Just as funny and action-packed as I remember from the cinema, plus crammed full of Easter Eggs now. It's fascinating going back and watching a film from so early in the now universally known MCU and seeing background characters that you recognise from major roles in other films or the TV shows. The amount of known Hydra agents on board the helicarrier is insane in hindsight. Serious props to Fiege and everyone else involved for maintaining that level of continuity.
Otherwise, the introduction of Loki is kind of odd now. He's become such a well-known character, but at the time we'd only seen him in Thor, so some of his mannerisms now seem a little off. Still, the overall acting is spellbinding and the casting is fantastic, so I'll forgive the occasional "yeah, you'd do that better now" moment.
It also remains incredibly tight and funny. Marvel has had a run of brilliant films since the first Avengers, each upping the ante of the last, so it's impressive just how upped the ante already was at this point. The action still holds up to more modern films, the plot still works, and the humour is just as unrelenting and brilliant as I remembered.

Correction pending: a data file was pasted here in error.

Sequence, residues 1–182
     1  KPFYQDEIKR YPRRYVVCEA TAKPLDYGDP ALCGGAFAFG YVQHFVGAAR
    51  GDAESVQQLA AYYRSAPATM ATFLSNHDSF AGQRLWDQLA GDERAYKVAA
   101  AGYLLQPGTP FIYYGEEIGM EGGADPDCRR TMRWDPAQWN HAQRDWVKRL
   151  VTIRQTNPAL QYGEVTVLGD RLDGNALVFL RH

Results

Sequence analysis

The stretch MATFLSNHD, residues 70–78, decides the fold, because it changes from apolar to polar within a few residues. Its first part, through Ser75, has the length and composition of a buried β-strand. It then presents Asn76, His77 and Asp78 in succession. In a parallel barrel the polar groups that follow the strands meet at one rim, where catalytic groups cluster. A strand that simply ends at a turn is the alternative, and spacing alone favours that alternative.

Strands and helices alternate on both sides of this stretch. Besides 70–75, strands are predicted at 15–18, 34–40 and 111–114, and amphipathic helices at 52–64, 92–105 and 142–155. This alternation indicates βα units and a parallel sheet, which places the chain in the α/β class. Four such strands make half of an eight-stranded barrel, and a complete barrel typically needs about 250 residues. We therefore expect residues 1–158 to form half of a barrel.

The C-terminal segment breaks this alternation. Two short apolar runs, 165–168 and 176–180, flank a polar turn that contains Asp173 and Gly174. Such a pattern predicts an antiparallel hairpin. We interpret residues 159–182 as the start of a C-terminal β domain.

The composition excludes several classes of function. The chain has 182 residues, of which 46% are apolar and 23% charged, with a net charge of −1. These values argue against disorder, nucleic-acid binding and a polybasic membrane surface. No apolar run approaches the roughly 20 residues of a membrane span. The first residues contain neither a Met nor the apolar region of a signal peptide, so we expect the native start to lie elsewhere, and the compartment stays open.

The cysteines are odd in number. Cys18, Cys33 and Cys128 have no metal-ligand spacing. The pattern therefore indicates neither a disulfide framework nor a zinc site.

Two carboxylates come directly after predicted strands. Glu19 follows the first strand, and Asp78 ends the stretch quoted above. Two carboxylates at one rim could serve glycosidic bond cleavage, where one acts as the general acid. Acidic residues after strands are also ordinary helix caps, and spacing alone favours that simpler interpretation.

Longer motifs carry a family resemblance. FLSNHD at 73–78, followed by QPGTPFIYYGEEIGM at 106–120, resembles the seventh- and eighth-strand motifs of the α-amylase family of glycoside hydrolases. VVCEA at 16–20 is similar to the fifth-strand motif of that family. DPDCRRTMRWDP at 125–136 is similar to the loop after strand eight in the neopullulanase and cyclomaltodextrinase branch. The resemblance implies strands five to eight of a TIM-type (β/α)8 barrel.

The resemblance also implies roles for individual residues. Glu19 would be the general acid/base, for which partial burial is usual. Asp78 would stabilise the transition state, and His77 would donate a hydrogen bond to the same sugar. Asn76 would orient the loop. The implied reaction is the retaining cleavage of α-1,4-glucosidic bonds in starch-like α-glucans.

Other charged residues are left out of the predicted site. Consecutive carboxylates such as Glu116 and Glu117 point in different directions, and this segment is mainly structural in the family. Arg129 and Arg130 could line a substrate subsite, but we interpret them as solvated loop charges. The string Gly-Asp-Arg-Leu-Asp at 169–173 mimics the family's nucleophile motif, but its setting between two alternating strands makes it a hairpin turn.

It was a little funny re-watching one of the earliest post-credit
scenes that really had people excited, though, as the Thanos reveal now just seems corny. However, the line by the leader of the Chitauri is not something I'd picked up on before; he specifically states that attacking Earth isn't as easy as promised, in fact it is like "courting death itself". That's a pretty huge statement, given Thanos' character background. In the comics he spends most of his life in service to, and
in love with, Death (which, in the Marvel universe, is a real person; a
woman). "Courting death" is what Thanos sees himself doing during the original Infinity War, which is done in her name to win her respect. So,
saying waging war on Earth is like "courting death itself" is a pretty clear indication that Thanos now sees Earth, out of all of the planets in the galaxy, as a target worthy of his crusade.